The Plasma Sciences Expo--planned as the biggest celebration of plasma physics in the country--presents teachers, students and the public with a free opportunity to explore what scientists call "the fourth state of matter."

    Triad National Security Takes the Helm at Los Alamos National Laboratory

    LOS ALAMOS, N.M., November 1, 2018 -- Los Alamos National Laboratory begins operations today under a new management and operating (M&O) contract between Triad National Security, LLC (Triad) and the U.S. Department of Energy's National Nuclear Security Administration (NNSA). The NNSA awarded the M&O contract to Triad on June 8, 2018.


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    Tiny Titanium Barrier Halts Big Problem in Fuel-Producing Solar Cells

    New design coats molecular components and dramatically improves stability under tough, oxidizing conditions.

    Turning Wood Scraps into Tape

    A new chemical process converts a component of wasted wood pulp and other biomass into high-value pressure-sensitive adhesives.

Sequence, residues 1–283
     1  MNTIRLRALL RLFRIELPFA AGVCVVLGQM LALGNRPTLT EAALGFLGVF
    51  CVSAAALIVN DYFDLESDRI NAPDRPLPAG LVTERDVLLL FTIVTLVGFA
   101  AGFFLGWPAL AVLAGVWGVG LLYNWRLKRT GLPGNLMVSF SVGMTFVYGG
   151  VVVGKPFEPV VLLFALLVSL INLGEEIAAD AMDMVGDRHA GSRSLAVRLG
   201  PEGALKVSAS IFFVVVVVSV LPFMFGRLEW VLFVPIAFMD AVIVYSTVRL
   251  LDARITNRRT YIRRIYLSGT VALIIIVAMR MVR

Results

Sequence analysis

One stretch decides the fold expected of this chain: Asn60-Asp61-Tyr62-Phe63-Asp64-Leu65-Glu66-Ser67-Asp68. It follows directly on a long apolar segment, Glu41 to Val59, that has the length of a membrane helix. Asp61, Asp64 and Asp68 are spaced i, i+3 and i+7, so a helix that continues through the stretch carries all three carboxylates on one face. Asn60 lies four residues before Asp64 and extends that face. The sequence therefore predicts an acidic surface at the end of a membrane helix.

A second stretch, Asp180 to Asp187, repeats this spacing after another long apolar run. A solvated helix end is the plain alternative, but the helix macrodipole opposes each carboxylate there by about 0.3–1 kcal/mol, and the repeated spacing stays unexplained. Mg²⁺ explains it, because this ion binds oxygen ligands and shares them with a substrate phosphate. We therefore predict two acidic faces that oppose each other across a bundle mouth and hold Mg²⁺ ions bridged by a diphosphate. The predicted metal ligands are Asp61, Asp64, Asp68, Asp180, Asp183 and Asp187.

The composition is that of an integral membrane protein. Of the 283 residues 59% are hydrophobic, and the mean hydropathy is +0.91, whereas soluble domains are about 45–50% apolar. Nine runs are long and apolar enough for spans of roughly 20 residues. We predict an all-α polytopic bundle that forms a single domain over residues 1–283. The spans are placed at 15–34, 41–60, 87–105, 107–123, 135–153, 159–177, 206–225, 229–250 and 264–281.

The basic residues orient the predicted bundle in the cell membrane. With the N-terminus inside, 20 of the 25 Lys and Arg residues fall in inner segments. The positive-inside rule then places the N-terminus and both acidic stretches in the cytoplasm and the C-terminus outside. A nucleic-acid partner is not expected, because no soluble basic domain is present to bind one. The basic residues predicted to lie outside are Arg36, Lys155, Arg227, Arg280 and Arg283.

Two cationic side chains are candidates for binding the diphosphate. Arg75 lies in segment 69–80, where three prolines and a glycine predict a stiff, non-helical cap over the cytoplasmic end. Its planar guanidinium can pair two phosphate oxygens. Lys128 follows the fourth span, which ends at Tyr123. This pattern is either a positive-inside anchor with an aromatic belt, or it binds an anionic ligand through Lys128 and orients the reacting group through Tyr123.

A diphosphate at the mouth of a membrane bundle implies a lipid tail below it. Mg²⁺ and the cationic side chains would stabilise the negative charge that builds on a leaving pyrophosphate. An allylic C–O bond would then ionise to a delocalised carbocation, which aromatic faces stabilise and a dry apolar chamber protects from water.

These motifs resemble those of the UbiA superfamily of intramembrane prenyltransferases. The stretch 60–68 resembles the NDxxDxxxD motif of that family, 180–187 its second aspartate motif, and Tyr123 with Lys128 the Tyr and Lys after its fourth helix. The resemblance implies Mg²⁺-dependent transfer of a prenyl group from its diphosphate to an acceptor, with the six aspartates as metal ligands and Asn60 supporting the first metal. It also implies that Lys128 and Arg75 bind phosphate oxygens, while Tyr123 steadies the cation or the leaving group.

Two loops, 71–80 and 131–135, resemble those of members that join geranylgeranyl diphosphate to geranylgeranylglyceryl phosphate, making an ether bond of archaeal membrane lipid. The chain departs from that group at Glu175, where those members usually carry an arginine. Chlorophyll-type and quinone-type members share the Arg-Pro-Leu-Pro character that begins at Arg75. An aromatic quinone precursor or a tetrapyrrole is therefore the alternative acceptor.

Very Heavy Elements Deliver More Electrons

    Scientists revise understanding of the limits of bonding for very electron-rich heavy elements.

    Probing Water's "No-Man's Land" Temperature Region

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    Novel Soil Bacteria with Unusual Genes Synthesize Unique Antibiotic Precursors

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    Experimental warming treatments show how peatland forests may respond to future environmental change.

    Rising Stars Seek to Learn from the Master: Mother Nature

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    Cryocooler Cools an Accelerator Cavity

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    Shining Light on the Separation of Rare Earth Metals

    New studies identify key molecular characteristics to potentially separate rare earth metals cleanly and efficiently with light.